I suppose assimilationists, secularists, Zionists and those committed to science, technology, and modern culture would come to the opposite conclusion. Had not Torah true Judaism held sway, more Jews would have gone to the US earlier in the 20th century and more would have become committed Zionists and gone to Israel. With regard to modern culture, the problem with blaming figures like Kant, Beethoven, and the rest (Nietzsche does deserve blame) is that it had not been for the science, technology, and modern culture and the democratic values of western civilization that derive from enlightenment thinkers including Locke, Mill, and even Kant, the Allies would not as likely have been able to oppose Nazi evil as rigorously as they did and ultimately defeat it. The period of the Second World War seems to be one in which Nazis attacked western culture's core values, not stood up for them. Of course, self-interest played a role as well in what the Allies did. The British, Americans, and Russians did not want to cede power to the Germans. Moreover, the allies were far from perfect in protecting Jews and providing them with havens to escape.
Engaging in counterfactual thinking, in the end, may be useless. It can be used to prove almost any point. If nearly all Jews had remained true to Torah, what would have happened? If nearly all Jews had abandoned the Torah, assimilated, or even become Christian, what would have happened? Who knows? My intuition suggests that the results may have been similar inasmuch as the forces tearing Germany and the rest of the world apart would have existed regardless, and animosity toward the Jews could have come out in some horrific way anyhow. The dissemination of propaganda and lies through modern forms of communication is a problem that still exists today. Troubled and confused people can be manipulated by tyrants and tyrannical regimes to break nearly any barrier.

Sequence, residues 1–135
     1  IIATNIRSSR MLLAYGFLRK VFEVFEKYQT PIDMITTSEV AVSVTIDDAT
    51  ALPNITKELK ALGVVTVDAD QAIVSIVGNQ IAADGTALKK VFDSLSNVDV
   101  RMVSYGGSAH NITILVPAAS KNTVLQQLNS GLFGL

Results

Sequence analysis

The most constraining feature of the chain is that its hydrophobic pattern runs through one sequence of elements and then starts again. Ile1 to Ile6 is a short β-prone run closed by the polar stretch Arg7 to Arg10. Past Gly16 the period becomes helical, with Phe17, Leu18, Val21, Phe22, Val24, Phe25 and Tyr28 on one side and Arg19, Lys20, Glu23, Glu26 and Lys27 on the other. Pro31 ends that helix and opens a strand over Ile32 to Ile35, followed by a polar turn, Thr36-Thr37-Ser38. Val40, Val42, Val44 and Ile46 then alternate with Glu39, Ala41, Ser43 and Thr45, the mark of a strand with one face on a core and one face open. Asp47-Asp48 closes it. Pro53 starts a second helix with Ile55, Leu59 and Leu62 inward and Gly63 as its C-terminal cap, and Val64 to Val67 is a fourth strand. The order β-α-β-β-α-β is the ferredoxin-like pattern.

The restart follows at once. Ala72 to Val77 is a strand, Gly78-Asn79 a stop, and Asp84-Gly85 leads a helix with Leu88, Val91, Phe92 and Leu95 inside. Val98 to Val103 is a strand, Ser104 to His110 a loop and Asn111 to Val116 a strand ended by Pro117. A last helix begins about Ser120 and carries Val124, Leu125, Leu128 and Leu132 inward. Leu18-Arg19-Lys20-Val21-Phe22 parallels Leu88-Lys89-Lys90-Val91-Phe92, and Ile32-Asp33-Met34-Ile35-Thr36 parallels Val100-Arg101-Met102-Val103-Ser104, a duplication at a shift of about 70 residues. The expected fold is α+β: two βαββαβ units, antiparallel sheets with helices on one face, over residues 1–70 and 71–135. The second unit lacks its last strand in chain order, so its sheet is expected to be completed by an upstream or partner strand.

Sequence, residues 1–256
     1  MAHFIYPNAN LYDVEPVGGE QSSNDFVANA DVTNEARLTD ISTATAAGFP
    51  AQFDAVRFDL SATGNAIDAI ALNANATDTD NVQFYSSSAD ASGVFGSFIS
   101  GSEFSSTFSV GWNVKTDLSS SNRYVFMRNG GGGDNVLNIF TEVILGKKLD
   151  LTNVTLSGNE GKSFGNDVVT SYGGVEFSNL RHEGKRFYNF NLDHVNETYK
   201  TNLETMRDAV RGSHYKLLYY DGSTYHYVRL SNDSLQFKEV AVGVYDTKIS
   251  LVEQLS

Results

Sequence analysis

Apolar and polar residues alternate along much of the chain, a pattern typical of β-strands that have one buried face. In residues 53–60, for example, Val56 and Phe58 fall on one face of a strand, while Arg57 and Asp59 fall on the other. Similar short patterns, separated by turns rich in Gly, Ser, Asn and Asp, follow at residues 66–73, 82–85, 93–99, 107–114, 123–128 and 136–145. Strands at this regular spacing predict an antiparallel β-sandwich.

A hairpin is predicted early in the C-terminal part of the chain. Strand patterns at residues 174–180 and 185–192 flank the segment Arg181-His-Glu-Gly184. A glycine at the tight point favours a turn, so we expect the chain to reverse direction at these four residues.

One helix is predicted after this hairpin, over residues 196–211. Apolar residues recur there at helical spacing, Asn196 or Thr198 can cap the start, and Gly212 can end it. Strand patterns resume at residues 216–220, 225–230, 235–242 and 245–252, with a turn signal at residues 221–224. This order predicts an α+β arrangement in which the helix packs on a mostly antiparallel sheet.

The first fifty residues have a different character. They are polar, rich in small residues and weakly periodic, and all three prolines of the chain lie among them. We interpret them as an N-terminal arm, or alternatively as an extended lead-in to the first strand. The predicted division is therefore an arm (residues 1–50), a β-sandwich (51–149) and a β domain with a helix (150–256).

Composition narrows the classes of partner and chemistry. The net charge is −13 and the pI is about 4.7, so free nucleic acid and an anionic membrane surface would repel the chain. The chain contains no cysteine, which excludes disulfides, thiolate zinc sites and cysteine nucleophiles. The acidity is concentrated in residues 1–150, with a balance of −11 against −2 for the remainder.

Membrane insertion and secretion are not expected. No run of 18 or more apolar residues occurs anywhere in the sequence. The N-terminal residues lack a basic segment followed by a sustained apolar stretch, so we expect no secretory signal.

Unfortunately and tragically, a disproportionate number of religious Jews – because they were impoverished and stuck in Poland and had no time to escape – died in the Holocaust, and many assimilated Jews escaped. But from this fact, can one draw lessons? There is the theology of the righteous suffering for the sins of the unrighteous, but I cannot go there? What happened happened. Even Rabbis Schwartz and Goldstein seem to admit this.
As to lessons, we have learned that if the state of Israel was to abandon modern science, culture, technology, it would put the Jewish people in grave danger. Israel’s survival depends on them, my bias, of course, given that I have a PH.D from a modern university.
In any case, who am I to ask these questions? Hashem was not that happy when someone of the greatness of Moshe asked them. These questions as well were the ruination of Elisha ben Abuya or acher.
The powerful and successful drive of the Haredi world today must spring at least in part from the desire to rebuild after the destruction, which in my view, is incredibly admirable. Another admirable trait is the near total pacifism in fact of the Jewish people in exile for nearly 2000 years which permitted persecution of a very high order but not of the magnitude of the Holocaust. This pacifism no longer exists, repudiated every day by the strength of the current state of Israel.
What not taking G-d’s name in vain means is that we cannot understand these things, neither what happened in the past nor what is happening today, though, since it is how our minds work, we cannot help but be curious. Nonetheless, any attempt to understand G-d's role in history is beyond us, since we get only a relatively short lifetime, a small glimpse of what is taking place in a much larger flow. Moreover, the interpretation of that flow is not stable. It will keep changing as events evolve. Shabbat shalom